A Home Invasion Goes Awry in You're Next (2013)

As horror and thriller subgenres go, home invasion movies probably have the most difficult time telling unique and memorable tales--after all, what other subgenre has a title that gives away its plots? With such a built-in drawback, writers and directors of home invasion movies have to provide something more original, more intense and/or more shocking than average home invasion fare. Thankfully, You're Next, a 2013 thriller directed by Adam Wingard, meets the challenge with Grand Guignol-esque gusto.

You're Next tells the story of four adult children (and their significant others) who visit their parents' remote estate for a weekend family reunion. As they sit down for their first meal, they are viciously attacked by a group of assailants wearing animal masks and brandishing a selection of deadly weapons. However, as the surviving family members frantically plan to protect themselves against the sudden onslaught, the line between attacker and victim becomes blurred in ways that no one expects.

You're Next masterfully assembles the dysfunctional family movie with the narrative conventions of slasher and home invasion films to deliver an efficient and effective mix of brutal horror and pitch-black comedy. Even the end credits are morbidly funny. The humor isn't as self-referential as Scream or as gonzo as The Cabin in the Woods or Bad Kids Go to Hell but if you have an appreciation of gallows humor, you'll be sure to pick up the sick, twisted punchlines mixed in with the scares and shocks.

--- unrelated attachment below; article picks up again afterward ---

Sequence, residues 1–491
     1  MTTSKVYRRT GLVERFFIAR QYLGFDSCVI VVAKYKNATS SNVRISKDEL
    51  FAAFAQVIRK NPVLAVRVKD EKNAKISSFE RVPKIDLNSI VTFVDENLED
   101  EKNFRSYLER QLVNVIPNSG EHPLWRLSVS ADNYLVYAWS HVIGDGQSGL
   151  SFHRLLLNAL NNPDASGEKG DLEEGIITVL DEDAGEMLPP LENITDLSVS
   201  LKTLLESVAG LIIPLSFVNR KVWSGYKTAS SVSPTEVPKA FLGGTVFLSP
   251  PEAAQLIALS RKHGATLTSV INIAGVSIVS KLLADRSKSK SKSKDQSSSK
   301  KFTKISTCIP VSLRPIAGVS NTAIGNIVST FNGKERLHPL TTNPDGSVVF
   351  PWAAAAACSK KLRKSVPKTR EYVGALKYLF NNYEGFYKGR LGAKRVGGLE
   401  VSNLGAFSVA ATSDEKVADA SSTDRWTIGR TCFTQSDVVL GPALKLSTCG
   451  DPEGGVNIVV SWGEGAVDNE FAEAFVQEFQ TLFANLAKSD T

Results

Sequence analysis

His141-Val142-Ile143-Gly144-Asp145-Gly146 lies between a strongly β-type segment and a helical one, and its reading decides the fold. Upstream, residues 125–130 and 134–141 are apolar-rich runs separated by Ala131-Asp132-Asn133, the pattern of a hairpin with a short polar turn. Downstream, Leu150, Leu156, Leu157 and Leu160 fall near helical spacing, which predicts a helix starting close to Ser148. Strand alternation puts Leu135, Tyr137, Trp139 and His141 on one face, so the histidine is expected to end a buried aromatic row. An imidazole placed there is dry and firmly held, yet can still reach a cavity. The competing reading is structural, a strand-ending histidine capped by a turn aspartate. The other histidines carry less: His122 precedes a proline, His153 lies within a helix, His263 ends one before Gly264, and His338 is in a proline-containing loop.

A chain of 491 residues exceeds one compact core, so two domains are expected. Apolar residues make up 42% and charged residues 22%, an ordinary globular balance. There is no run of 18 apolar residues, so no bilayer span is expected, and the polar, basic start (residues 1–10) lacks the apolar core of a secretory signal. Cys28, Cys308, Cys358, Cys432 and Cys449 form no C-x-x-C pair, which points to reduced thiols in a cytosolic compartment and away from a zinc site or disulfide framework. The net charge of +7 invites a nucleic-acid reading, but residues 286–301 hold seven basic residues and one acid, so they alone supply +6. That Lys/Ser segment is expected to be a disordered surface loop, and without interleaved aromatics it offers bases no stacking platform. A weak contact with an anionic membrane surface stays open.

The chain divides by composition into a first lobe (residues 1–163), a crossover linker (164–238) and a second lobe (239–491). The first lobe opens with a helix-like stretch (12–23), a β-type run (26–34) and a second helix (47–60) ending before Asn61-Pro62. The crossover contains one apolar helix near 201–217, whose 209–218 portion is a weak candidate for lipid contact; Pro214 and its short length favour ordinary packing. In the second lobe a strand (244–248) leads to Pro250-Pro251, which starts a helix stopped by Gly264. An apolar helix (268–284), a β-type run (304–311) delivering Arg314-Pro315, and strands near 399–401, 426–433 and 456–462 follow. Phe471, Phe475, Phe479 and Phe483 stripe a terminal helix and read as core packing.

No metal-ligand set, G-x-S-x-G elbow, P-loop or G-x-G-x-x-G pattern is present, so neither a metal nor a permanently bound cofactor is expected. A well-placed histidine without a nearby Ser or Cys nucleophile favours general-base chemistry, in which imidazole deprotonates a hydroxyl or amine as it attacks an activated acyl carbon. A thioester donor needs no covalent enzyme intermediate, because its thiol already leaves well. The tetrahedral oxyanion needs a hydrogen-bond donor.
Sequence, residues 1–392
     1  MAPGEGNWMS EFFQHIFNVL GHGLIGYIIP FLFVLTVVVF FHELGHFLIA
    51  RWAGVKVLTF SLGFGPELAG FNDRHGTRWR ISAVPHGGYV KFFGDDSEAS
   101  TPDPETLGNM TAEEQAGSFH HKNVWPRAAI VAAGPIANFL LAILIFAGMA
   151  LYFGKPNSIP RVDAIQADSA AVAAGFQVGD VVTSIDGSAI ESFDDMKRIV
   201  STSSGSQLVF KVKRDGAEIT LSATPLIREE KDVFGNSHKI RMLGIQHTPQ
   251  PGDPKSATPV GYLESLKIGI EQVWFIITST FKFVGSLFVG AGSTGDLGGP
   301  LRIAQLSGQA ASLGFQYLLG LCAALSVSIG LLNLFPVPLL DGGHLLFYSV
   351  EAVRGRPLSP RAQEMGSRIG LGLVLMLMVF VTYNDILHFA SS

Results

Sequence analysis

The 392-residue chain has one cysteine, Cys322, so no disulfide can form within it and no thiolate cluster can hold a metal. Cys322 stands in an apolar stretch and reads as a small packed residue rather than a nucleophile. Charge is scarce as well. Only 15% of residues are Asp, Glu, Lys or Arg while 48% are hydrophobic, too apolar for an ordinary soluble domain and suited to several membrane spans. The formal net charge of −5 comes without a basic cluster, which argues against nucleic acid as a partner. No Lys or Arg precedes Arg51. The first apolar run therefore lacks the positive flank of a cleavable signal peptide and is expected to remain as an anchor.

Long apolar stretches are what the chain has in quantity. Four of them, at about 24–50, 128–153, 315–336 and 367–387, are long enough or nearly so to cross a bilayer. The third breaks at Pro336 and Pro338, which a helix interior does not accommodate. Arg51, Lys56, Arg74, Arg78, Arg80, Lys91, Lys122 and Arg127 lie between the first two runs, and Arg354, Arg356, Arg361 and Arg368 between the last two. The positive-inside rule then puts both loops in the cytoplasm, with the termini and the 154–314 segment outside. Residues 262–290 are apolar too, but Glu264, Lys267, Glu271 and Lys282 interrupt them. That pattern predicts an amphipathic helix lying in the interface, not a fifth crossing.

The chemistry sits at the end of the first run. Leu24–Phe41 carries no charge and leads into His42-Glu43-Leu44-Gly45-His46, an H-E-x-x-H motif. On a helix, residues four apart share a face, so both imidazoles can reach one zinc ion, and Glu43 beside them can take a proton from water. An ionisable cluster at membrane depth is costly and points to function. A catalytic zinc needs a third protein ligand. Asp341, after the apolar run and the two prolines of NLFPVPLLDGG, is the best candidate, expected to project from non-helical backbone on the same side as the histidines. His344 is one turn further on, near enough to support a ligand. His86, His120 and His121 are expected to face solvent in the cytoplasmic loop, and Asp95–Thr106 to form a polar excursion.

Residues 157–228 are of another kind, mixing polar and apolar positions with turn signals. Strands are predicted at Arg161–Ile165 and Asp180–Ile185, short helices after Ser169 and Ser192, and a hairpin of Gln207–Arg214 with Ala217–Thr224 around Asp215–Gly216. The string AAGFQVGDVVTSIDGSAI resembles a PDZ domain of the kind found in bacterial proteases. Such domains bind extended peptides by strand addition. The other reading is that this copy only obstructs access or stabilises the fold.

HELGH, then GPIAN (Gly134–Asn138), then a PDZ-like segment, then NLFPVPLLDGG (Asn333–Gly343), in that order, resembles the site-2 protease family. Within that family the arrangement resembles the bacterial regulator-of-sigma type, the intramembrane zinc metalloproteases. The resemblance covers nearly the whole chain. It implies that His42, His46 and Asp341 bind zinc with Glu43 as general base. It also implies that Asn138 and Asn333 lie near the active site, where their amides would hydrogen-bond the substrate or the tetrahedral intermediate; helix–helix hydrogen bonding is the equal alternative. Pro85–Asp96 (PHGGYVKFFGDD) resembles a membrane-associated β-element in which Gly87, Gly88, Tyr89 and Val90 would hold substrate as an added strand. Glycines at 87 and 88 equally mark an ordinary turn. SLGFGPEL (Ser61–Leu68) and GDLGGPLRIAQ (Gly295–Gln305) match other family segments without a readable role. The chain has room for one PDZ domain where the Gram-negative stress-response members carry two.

Honestly, I was amazed to see how Wingard keeps the story balanced enough to provide a consistent flow of humor and horror from beginning to end. The cast (which includes horror movie vets Barbara Crampton and Ti West) also delivers on their end; in particular, Sharni Vinson provides a strong turn as Erin, one of the significant others at the reunion who has the most interesting secrets to keep.


  1. Nice write up. I absolutely love this movie! So many movies can't find the right mix between giving their protagonists setbacks and giving them the upper hand, but this movie had excellent pacing in that regard. Lots of great twists and turns with a delicious black humor throughout.

    I saw it last year shortly after it came out. I went on a weeknight and found myself the only person in the theater. It was a truly superb viewing experience.

    1. Thanks for commenting, and I'm glad you like my review. I saw this on Netflix the other day and it impressed me so much that I just had to write a review of it to get the word out on what kind of gem this is.


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